Neatline Exhibit on Dow
This interactive exhibit looks at how faculty interacted with political issues through The Lafayette, in particular during the 1967–1972 period. In spring 1968, 51 faculty members signed a petition protesting a visit by a Dow interviewer due to their production of napalm–and published it in the newspaper. Following this act, many professors wrote in their opinions regarding this action. The following Neatline exhibits look at a Letter to the Editor published in the 3/8/68 issue by physics professor David Hogenboom, followed by the reactions to this letter by three other professors in the 3/15/68 issue.
I interviewed Professor Hogenboom to get his reflections on this controversial letter he wrote against signiing the petition.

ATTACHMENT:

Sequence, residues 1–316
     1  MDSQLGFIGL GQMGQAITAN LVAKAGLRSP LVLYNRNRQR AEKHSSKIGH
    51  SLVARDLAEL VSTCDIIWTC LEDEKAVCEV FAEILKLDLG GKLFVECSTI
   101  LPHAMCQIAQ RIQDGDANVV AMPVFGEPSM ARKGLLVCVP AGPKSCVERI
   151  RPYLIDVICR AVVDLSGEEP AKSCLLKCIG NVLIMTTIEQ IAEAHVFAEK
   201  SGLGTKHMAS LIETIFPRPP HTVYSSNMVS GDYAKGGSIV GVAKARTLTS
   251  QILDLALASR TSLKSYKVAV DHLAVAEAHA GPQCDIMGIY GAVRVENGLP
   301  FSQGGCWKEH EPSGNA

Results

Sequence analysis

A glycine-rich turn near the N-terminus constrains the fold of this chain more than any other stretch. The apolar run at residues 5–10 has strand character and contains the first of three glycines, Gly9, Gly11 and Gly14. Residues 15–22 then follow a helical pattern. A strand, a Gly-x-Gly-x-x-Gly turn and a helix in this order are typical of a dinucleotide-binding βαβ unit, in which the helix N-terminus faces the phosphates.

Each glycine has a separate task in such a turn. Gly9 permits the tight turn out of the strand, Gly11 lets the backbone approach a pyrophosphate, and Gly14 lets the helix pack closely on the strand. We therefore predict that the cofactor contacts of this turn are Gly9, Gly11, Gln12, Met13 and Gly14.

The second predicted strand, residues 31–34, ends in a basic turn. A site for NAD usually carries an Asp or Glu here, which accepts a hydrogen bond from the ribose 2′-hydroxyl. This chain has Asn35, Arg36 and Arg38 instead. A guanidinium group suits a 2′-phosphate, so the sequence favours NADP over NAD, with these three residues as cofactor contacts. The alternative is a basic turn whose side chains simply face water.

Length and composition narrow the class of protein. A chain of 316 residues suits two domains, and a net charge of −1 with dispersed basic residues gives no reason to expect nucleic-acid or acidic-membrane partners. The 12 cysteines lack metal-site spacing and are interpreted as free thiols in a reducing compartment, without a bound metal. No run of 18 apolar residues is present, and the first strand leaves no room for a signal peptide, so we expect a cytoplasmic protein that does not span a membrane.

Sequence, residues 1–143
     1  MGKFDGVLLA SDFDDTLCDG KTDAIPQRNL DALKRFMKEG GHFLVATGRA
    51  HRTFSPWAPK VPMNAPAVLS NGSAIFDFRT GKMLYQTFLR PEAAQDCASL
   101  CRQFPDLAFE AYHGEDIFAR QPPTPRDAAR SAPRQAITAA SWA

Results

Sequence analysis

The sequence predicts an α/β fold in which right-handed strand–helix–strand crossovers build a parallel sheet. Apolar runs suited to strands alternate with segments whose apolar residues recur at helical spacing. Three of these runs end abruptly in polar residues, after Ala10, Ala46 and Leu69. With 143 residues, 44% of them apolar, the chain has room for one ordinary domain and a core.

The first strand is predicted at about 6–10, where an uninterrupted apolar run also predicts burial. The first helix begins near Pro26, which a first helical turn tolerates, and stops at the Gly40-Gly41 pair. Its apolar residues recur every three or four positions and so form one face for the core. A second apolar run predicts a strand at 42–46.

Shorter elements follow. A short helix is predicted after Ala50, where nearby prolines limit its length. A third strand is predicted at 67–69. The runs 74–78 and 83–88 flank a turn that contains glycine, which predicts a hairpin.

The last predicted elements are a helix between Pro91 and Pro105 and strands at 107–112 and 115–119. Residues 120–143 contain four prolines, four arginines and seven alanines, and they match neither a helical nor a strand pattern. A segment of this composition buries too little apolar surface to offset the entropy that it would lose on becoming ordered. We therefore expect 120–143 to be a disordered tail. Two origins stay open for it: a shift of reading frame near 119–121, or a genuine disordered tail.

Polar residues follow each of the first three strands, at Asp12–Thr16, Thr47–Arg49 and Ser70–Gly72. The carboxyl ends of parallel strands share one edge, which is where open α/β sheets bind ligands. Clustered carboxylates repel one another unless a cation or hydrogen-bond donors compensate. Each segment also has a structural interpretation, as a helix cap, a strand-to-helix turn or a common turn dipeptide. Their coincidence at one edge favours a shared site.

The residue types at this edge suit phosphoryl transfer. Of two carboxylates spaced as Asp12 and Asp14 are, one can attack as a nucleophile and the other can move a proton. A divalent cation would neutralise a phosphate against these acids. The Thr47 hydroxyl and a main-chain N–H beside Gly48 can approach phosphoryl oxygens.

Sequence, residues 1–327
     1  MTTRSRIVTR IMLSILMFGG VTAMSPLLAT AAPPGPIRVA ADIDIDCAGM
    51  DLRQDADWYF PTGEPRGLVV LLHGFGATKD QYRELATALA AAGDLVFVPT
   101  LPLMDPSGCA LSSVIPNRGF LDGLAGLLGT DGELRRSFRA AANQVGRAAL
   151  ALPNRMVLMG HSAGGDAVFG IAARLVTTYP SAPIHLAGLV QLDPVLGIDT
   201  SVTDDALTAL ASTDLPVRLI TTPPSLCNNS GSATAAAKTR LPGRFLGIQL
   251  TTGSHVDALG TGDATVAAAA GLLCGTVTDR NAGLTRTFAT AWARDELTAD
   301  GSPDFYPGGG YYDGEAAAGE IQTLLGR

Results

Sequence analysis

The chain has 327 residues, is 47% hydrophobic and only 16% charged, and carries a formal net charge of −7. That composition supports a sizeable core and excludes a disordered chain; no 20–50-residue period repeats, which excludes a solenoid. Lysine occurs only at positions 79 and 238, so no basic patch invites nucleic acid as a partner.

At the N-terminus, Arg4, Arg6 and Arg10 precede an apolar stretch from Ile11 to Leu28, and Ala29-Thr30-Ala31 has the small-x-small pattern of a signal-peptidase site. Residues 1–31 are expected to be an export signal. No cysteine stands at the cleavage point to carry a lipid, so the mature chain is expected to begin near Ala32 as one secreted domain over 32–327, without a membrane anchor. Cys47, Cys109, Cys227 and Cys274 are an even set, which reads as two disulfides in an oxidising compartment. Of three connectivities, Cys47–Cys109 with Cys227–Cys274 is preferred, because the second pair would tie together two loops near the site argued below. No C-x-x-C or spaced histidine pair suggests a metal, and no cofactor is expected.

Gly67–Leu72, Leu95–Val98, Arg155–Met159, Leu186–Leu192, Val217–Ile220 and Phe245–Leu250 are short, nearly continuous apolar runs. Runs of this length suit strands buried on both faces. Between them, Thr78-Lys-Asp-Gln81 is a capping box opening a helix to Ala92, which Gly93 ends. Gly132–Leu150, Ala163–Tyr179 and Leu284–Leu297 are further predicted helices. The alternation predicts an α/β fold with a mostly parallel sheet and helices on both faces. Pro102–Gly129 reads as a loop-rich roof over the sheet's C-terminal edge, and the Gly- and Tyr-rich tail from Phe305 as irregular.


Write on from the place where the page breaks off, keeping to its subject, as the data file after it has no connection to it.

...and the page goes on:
"I decided that I didn’t want to sign the petition [...] and then I may have felt well, that was going to kind of stamp me as a non-signer, you know, so I thought maybe I ought to explain that. I certainly had not written many letters to the editor–I was not very outspoken about that kind of thing [...] Lafayette’s a pretty small place, much smaller then than it is now but everybody pretty much knew everybody [...] But there was no, you know, ostracism or no pressure from people who had signed it after my letter. I remember I used to have lunch in what was then the faculty dining room in Marquis Hall [...] and I remember going there and sitting at a table with other colleagues [...] and this gentleman named Robert Kelson who was the Kirby Professor of Civil Rights at the time in those days, probably the most highly paid and some ways the most prestigious faculty member, came by the table and he spoke to me and said 'you spoke for others.' I was sort of put off by that; it seemed a little, you know, well 'Kelson you can speak for yourself. I wasn’t intending to speak for you at all.'"